If you don't wish to mess with a front slit in your neckline, do a
            little geometry to figure out what diameter hole you need to get the
            tunic over your head.

            1) Measure around your head. 2) Take that measurement and divide
            by "pi". Very easy to do if you have a calculator with a "pi" key, or
            use the simplified 3.14. For example, if your head measured 24 inches
            around, it would be 24 divided by 3.14 = 7.64. That means you want to
            make a hole for the neckline that is about 7 3/4" in diameter, or a
            smidgen larger.

            2) If you aren't handy with circle making, find a pot lid or plate
            that comes close to the measurement and trace it on a piece of paper,
            then lay the paper on your tunic piece and mark the circle. If your
            circle is a bit smaller than the needed diameter, keep in mind that
            you can sew just outside the marked circle to increase the size of the
            circle. (Be careful - if you add 1/4" to the diameter, the hole
            becomes 25" around instead of 24". Make very gradual increases if you
            want to control the size of the opening.) If you are handy with your
            computer, the "draw" function in Word allows you to create circles and
            you can see the diameter at the bottom of the screen.

            Hope this has been some help, but by the same manner, you may have
            already figured all of this out.

            Regards,

            Bebhinn
            College of Brymstonne
            Kingdom of Atenveldt
          • Billy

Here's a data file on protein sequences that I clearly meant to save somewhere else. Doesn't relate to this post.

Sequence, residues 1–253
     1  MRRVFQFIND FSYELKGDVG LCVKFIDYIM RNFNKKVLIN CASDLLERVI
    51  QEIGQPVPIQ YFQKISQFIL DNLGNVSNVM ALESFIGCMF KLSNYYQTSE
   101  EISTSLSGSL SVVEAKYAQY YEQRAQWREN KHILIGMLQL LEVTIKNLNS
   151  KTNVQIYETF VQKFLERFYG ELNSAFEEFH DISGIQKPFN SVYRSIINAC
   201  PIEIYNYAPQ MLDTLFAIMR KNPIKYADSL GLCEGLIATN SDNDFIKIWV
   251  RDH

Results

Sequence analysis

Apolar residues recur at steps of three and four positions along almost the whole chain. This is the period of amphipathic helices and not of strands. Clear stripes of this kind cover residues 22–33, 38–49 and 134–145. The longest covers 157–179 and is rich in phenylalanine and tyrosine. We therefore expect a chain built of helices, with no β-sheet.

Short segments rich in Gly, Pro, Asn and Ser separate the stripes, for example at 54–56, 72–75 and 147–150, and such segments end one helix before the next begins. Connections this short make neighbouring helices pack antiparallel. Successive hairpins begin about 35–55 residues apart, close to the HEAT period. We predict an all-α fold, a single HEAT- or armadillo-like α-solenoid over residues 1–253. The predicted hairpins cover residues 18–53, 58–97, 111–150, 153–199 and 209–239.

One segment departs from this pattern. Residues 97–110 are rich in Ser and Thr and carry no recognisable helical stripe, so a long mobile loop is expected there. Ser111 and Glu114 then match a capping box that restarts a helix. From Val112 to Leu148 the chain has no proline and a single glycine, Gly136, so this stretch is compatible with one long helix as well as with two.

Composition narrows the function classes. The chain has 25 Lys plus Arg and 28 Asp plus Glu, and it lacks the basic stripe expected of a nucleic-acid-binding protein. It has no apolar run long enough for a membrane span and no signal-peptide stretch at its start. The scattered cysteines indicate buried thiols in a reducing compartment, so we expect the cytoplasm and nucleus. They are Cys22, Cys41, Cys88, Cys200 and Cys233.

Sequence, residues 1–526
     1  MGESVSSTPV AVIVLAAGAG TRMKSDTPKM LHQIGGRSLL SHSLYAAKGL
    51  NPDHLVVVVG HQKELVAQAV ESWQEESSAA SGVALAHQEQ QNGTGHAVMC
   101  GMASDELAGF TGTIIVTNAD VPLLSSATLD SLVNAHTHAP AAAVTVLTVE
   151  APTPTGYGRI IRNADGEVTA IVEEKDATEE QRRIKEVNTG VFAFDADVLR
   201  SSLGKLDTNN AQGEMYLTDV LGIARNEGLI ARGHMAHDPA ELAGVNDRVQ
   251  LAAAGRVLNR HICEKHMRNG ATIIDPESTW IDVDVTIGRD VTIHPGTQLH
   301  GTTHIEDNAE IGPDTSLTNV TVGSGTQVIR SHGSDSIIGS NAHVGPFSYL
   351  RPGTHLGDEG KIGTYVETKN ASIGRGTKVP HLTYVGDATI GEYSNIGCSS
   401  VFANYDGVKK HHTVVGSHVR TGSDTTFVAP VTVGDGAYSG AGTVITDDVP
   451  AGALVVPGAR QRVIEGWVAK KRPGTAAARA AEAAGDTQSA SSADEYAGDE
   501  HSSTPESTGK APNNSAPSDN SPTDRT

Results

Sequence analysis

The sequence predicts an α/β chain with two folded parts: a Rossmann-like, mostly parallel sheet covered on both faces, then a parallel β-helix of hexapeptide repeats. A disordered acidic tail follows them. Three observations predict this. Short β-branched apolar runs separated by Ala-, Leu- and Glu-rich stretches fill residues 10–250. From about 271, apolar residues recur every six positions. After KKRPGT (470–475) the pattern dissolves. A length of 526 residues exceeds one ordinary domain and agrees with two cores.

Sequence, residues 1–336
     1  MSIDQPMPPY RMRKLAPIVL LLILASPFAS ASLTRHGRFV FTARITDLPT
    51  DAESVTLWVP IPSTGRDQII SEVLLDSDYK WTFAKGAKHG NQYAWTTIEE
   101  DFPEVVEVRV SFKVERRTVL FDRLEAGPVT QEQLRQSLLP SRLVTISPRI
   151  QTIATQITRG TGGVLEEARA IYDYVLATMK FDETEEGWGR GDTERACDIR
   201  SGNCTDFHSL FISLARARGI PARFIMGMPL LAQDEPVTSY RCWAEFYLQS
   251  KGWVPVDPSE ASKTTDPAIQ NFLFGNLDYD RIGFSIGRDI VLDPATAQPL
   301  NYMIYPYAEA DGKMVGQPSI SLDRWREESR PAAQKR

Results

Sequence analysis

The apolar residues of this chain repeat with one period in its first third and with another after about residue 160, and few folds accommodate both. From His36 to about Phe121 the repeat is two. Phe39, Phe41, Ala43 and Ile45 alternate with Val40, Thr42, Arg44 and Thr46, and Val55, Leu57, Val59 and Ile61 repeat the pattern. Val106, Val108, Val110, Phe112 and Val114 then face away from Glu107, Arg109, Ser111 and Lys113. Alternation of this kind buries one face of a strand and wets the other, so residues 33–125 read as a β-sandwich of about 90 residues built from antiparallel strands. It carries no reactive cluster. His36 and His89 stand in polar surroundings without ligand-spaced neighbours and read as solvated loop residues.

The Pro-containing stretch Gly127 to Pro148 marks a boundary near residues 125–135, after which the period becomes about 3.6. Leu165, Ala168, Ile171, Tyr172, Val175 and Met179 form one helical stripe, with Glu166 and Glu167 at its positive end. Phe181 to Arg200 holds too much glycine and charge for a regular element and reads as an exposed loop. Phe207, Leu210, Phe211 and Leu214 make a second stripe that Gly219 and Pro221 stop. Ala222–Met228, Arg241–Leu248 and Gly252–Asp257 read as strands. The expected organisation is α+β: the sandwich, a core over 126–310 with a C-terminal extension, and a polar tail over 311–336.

Yes, this helps very much! Thanks. One more question to all. I m planning to construct a gambeson from the Reconstructing History pattern (yes, from a moving
            Message 5 of 20 , Jun 7, 2007
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              Yes, this helps very much! Thanks.

              One more question to all. I'm planning to construct a gambeson from
              the Reconstructing History pattern (yes, from a moving blanket). Any
              thoughts about the gores? If I understand the pattern correctly (and
              looking at the garb we did last night), the gores basically double the
              circumference of the bottom of the tunic (the four gores having a
              total length equal to the width of both the front and back of the
              tunic). My mind says this is going to be a bit much with quilted
              material. Has anyone out there built a gambeson like this? Advice
              is, as always, greatly appreciated.

              Thanks,
              Billy

              --- In scanewcomers@yahoogroups.com, Sara L Uckelman <liana@...> wrote:
              >
              > Quoth "Billy Miller":
              > > the tunic, but the neck at this point is just a raw cut. Anyone
              got any
              > > good advice about what should be done with the neck? Weblinks are
              always
              > > appreciated!
              >
              > This is how I usually finish necks:
              >
              > Cut a square of fabric which is larger than the neck hole, and cut a
              circle
              > in the square which is the same size and shape as the neck hole.
              Pin the
              > square to the *outside* of the tunic so that the holes line up. Sew
              around
              > the circle fairly close to the edge. Then, turn the square flap into
              > the inside of the tunic; iron it in place and, if you want, top stitch,
              > embroider, or sew some trim around the neckline so that the flap doesn't
              > flip back to the outside of the tunic.
              >
              > This method works also with necks where you've got both a circular hole
              > for the neck + a slit down the front, just make the slit in your square